Almost as bad as greenwashing, is green-shaming. Aka criticizing a brand, business or consumer for not being sustainable because they aren’t perfect.
News flash: there’s no such thing as perfection when it comes to sustainability. There’s no way to live a perfectly sustainable lifestyle or to create the perfectly sustainable item.
But there are a handful of ways, big and small, that we can all be MORE sustainable. And that’s where there is opportunity for impact.
When we make sustainability this unattainable target, we often hear from people, “my impact won’t matter anyway, so why bother?” We want to empower as many of those people as possible to bother. To bother with recycling (even if they’re not really sure what goes where). To bother with mending (even if their first few attempts look horrible). To bother with shopping small & slow (even when they’re not sure where to start).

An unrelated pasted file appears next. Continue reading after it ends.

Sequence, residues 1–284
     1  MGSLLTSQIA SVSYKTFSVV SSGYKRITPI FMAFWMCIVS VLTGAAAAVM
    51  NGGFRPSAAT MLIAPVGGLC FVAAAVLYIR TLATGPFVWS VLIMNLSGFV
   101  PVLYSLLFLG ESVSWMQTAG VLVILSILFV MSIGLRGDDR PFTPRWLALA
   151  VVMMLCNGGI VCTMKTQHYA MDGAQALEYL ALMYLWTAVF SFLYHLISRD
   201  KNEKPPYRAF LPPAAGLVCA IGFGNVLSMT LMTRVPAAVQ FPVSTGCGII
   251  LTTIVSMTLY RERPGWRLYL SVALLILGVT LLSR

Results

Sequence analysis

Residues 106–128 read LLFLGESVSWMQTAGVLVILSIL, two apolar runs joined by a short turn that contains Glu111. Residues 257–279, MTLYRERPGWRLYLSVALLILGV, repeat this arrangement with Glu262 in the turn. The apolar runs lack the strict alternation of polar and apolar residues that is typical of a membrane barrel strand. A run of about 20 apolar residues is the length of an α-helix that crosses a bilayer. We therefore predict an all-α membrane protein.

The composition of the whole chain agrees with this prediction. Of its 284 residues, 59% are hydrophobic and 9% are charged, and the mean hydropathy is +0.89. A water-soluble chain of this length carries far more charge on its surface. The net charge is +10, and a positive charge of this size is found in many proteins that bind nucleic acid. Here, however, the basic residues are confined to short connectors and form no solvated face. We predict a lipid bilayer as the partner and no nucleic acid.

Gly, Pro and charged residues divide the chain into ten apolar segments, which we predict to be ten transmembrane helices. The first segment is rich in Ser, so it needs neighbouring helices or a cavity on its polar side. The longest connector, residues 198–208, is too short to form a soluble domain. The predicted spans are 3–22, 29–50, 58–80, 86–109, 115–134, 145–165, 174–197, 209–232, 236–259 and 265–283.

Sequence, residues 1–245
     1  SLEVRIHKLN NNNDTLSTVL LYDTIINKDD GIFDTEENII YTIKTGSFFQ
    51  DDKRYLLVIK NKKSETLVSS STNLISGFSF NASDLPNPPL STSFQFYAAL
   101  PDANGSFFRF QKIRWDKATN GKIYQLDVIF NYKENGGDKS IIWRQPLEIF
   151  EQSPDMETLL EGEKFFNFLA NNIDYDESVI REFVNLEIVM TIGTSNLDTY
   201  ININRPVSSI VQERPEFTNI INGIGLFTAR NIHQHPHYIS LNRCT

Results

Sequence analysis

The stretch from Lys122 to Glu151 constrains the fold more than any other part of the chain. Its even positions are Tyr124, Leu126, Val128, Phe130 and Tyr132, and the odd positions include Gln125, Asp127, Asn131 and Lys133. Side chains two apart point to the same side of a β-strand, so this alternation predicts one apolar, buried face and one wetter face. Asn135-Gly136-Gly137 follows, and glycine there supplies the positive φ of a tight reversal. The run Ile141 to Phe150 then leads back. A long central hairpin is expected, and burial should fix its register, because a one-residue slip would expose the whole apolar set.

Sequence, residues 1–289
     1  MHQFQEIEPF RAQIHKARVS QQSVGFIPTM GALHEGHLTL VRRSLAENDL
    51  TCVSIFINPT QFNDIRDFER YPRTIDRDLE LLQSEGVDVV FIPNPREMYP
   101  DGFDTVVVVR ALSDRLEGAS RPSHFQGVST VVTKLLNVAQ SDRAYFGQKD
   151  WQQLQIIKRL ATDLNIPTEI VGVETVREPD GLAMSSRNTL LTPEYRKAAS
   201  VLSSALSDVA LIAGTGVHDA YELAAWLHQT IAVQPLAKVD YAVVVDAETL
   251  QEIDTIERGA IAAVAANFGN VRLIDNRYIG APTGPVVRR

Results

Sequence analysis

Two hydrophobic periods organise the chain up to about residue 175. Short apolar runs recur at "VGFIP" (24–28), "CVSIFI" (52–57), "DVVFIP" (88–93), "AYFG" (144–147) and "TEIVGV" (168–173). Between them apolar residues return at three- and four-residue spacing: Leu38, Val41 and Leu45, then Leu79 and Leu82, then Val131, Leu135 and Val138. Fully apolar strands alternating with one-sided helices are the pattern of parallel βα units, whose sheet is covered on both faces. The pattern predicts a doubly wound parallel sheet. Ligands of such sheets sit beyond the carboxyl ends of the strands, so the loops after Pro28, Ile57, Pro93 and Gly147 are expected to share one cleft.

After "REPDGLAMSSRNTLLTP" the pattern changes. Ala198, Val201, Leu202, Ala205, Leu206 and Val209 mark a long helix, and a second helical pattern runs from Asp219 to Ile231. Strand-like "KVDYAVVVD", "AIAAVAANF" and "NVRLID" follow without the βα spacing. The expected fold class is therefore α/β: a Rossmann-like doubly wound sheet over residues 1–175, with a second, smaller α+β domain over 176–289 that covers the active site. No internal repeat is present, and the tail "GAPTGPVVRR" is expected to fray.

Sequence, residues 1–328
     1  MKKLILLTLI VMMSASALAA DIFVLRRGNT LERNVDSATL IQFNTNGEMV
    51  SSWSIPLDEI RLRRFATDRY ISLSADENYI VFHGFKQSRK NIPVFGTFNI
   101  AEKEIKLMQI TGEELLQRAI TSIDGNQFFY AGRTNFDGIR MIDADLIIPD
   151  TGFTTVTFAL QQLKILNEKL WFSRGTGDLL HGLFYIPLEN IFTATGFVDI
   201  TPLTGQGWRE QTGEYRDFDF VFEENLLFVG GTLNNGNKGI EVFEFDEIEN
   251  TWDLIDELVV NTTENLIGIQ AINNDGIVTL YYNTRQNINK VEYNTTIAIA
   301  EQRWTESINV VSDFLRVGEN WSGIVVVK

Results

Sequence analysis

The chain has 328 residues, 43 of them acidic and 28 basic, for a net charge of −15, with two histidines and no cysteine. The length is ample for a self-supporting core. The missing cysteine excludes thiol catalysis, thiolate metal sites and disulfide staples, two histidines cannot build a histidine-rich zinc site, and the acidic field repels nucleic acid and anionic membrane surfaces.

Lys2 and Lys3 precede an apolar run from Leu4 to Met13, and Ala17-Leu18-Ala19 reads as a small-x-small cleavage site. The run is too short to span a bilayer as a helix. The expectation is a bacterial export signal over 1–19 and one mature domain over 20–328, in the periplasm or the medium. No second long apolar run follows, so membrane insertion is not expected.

Every time we shame a brand, business or consumer for not being sustainable - according to whatever that means to us - we lose. We get so distracted by this battle of “I’m more sustainable”, “no I’M more sustainable” that we lose sight of the real problem: big business.
Being small and scrappy (pun intended) is sustainable. Being collaborative and community-oriented is sustainable. Being transparent and accessible is sustainable. That’s the kind of sustainability we’re excited about. Not the kind that makes you feel bad for not being perfect.